by: Yaiyaat from: Abyei
October 09, 2013 8:17 AM
Thank a lot for telling me about news thing

Featured Videos

Your JavaScript is turned off or you have an old version of Adobe's Flash Player. Get the latest Flash player.
Worldwide Photo Workshops Empower Youthi
X
Julie Taboh
January 23, 2015 11:08 PM
Last September, 20 young adults from South Sudan took part in a National Geographic Photo Camp. They are among hundreds of students from around the world who have learned how to use a camera to tell the stories of the people in their communities through the powerful medium of photography. Three camp participants talked about their experiences recently on a visit to Washington. VOA’s Julie Taboh reports.
Video

Video Worldwide Photo Workshops Empower Youth

Last September, 20 young adults from South Sudan took part in a National Geographic Photo Camp. They are among hundreds of students from around the world who have learned how to use a camera to tell the stories of the people in their communities through the powerful medium of photography. Three camp participants talked about their experiences recently on a visit to Washington. VOA’s Julie Taboh reports.
Video

Video US, Japan Offer Lessons as Eurozone Launches Huge Stimulus

The Euro currency has fallen sharply after the European Central Bank announced a bigger-than-expected $67 billion-a-month quantitative easing program Thursday - commonly seen as a form of printing new money. Henry Ridgwell reports for VOA from London on whether the move might rescue the eurozone economy -- and what lessons have been learned from similar programs around the world.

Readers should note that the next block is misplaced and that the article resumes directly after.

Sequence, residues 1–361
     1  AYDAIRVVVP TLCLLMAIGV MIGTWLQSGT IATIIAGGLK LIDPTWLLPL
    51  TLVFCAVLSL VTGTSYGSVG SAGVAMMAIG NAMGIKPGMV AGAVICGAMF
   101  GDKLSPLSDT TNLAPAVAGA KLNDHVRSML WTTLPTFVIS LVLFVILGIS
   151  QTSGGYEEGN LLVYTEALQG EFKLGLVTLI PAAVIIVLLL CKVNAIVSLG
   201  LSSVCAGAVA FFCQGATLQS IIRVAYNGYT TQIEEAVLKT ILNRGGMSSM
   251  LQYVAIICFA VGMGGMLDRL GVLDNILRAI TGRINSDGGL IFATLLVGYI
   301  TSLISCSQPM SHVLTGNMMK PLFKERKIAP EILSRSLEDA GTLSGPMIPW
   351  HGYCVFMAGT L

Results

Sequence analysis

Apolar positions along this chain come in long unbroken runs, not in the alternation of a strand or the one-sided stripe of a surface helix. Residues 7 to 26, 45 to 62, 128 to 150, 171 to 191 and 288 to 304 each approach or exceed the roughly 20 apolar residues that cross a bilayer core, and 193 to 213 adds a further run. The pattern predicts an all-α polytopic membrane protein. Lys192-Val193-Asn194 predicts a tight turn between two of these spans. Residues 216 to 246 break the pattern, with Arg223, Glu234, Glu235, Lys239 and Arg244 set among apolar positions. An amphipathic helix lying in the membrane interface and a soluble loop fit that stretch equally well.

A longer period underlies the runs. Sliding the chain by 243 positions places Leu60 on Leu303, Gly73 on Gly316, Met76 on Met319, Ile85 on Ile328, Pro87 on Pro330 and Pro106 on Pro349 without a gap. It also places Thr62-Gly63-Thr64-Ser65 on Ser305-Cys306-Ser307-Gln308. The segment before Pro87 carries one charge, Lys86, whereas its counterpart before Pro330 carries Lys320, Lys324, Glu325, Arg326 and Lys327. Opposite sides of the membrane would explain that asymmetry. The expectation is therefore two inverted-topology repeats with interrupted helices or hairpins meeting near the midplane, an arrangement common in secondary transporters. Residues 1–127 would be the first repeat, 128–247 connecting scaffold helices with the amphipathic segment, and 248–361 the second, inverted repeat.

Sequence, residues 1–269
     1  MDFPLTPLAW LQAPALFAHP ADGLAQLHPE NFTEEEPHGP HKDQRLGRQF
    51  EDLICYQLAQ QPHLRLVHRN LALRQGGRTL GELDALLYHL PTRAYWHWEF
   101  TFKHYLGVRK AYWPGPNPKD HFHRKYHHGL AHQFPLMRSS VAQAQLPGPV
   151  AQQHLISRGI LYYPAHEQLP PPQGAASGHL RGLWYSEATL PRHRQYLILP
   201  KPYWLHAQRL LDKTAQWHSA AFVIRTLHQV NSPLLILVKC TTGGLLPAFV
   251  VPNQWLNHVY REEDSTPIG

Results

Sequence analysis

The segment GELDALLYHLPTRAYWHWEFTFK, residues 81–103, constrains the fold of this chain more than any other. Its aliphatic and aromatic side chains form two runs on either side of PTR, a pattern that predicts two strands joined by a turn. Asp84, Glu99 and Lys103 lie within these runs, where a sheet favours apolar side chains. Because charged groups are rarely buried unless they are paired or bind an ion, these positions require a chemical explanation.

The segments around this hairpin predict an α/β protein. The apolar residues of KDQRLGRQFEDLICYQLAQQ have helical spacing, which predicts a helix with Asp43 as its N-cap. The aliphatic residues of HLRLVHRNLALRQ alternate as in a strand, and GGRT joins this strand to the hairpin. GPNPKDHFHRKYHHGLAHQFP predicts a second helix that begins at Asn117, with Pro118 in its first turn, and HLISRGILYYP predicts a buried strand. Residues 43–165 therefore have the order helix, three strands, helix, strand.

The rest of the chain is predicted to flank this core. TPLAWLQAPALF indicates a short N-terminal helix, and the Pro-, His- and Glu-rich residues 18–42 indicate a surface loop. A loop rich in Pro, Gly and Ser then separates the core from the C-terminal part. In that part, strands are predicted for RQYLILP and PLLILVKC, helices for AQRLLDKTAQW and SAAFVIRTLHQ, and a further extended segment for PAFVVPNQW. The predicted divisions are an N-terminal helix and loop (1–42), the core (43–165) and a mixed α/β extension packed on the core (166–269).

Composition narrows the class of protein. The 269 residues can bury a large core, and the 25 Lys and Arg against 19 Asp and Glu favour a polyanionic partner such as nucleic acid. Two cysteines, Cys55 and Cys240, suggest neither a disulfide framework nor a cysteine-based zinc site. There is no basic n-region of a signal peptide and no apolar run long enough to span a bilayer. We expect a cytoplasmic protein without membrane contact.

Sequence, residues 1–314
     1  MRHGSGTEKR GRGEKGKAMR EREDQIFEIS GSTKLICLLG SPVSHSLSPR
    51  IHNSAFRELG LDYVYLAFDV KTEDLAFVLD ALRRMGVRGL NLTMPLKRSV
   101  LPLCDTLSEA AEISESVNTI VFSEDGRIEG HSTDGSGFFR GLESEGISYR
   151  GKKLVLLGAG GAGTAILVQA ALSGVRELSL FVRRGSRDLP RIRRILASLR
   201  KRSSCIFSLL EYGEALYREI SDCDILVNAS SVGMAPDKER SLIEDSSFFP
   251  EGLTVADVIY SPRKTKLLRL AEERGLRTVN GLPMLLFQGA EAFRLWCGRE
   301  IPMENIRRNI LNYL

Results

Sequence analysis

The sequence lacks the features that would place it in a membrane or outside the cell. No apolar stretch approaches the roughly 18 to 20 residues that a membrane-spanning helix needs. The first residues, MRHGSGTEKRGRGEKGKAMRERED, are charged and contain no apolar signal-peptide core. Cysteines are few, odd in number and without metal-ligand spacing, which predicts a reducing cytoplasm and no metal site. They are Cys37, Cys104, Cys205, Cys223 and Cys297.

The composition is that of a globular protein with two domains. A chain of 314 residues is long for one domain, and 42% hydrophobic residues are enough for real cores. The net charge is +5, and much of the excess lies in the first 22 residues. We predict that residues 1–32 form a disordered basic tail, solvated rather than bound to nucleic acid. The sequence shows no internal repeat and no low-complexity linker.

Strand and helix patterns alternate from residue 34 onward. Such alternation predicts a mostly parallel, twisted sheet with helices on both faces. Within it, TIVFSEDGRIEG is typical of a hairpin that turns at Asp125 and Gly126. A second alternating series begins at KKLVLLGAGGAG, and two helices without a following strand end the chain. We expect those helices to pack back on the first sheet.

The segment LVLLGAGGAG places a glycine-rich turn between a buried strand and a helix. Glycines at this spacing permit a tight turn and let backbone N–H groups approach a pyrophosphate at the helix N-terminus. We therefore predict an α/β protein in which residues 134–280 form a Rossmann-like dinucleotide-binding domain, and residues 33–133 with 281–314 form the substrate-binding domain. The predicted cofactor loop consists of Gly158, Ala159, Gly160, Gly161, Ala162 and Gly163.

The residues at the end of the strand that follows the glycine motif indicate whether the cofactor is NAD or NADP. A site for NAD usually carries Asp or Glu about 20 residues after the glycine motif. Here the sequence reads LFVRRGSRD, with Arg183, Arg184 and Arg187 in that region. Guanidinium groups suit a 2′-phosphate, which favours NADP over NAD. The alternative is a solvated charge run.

Video

Video Nigerian Elections Pose Concern of Potential Conflict in 'Middle Belt'

Nigeria’s north-central state of Kaduna has long been the site of fighting between Muslims and Christians as well as between people of different ethnic groups. As the February elections approach, community and religious leaders are making plans they hope will keep the streets calm after results are announced. Chris Stein reports from the state capital, Kaduna.
Video

Video As Viewership Drops, Obama Puts His Message on YouTube

Ratings reports show President Obama’s State of the Union address this week drew the lowest number of viewers for this annual speech in 15 years. White House officials anticipated this, and the president has decided to take a non-traditional approach to getting his message out. VOA White House correspondent Luis Ramirez reports.
Video

Video S. Korean Businesses Want to End Trade Restrictions With North

Business leaders in South Korea are calling for President Park Geun-hye to ease trade restrictions with North Korea that were put in place in 2010 after the sinking of a South Korean warship.Pro-business groups argue that expanding trade and investment is not only good for business, it is also good for long-term regional peace and security. VOA’s Brian Padden reports.